- Shorter lines: If you’re increasing speed at peak periods, you can increase the total revenue since you can serve more people that might be on a time crunch (e.g., halftime at a football game, coffee before the workday, salad for a lunch break). When wouldn’t you benefit financially? If you never have long lines to take peoples’ orders in the first place.
- Reduced labor costs: This one is pretty straightforward. Even if you don’t have long lines for order-taking, you could have long lines for people waiting to pick up their orders, which you could cut down by reallocating resources to order fulfillment. But if you’re not spending much on labor, for example if you live in an area with a low cost of living or you’re both the business owner and the cashier, this may not be a major incentive.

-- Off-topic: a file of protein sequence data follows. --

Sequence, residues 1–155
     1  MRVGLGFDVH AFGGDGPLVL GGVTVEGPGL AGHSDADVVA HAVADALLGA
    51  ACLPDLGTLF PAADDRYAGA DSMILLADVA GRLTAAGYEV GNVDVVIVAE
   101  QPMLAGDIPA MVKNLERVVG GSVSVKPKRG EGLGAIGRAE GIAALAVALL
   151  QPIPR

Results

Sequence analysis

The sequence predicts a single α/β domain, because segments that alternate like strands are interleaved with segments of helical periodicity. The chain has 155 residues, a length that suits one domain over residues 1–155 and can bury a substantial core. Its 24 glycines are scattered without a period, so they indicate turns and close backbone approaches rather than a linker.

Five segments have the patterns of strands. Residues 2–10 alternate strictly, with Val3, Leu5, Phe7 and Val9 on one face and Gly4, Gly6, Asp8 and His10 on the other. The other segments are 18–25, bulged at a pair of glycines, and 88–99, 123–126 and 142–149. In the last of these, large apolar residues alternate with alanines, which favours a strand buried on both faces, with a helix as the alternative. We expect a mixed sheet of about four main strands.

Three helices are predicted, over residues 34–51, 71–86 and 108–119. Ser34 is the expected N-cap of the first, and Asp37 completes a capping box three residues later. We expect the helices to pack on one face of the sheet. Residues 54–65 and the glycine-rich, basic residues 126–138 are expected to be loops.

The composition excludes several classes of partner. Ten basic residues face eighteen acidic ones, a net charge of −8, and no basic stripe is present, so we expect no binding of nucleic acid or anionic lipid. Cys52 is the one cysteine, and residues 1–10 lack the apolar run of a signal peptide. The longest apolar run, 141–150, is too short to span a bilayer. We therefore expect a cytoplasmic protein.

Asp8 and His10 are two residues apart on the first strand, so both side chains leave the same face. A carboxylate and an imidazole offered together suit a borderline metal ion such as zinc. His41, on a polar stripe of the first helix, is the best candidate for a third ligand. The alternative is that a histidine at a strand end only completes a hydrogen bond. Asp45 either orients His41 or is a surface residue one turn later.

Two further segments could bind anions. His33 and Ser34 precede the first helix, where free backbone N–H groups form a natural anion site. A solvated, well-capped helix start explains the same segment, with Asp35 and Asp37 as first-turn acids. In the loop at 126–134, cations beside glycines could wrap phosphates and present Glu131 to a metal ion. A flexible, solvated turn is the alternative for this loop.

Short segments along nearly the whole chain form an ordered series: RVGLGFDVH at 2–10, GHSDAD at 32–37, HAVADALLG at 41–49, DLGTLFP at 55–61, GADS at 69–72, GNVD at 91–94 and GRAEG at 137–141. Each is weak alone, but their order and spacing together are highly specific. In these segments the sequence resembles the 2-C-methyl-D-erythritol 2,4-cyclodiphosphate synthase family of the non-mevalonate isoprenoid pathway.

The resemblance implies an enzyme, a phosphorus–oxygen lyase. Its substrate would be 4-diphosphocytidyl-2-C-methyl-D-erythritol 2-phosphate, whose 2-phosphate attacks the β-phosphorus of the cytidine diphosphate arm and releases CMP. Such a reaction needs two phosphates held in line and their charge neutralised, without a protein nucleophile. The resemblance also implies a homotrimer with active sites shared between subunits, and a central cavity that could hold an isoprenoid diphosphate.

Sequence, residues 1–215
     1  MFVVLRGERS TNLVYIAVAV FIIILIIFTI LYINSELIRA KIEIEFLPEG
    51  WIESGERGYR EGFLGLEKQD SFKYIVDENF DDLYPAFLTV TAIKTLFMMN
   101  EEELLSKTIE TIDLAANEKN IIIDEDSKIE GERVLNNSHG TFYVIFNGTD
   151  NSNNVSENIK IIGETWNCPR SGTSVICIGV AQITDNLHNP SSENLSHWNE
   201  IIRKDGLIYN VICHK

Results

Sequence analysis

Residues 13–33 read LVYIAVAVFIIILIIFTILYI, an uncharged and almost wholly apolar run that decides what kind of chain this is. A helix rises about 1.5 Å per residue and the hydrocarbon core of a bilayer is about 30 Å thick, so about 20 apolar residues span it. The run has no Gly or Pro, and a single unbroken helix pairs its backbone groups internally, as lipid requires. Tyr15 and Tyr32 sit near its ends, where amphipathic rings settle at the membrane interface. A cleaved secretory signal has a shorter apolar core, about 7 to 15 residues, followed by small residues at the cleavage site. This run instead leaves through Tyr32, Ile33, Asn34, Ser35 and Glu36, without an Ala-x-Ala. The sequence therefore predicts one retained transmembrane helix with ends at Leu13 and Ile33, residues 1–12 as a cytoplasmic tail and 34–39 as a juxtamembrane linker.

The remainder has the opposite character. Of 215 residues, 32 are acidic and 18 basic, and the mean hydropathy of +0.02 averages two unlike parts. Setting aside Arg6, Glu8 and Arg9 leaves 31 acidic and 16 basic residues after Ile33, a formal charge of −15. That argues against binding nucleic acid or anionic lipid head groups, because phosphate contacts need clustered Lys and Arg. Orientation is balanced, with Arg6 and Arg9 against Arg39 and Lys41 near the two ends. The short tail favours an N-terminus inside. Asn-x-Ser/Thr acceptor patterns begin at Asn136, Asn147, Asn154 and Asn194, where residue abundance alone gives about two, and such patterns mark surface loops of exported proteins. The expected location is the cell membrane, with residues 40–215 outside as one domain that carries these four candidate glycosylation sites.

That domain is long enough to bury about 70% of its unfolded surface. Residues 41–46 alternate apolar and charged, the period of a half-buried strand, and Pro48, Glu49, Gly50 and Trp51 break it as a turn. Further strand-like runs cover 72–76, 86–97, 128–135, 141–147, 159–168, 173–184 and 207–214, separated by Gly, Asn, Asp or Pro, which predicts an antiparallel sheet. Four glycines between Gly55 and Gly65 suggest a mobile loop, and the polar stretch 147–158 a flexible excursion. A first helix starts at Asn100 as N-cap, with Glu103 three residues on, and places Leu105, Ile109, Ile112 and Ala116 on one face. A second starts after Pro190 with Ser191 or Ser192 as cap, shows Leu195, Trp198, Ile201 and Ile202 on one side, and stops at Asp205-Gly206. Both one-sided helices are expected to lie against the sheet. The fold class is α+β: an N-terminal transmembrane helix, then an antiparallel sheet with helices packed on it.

How will customers feel?
Depending on the survey you read, customers either prefer self-service kiosks to cashiers or would even avoid a restaurant if it had a kiosk. That sort of variation shouldn’t be surprising, given how different age groups and demographics perceive technology. After all, some are still against cashless payments.
Ask yourself who your customer base is, and whether they’re averse to change and new technologies. Are they already using tap-to-pay at your store? Do they order online? These might be a signal that customers would adopt self-service, but consider just asking. If you have a loyalty program where customers opt in to your emails, you can survey them for what technology they’d be interested in.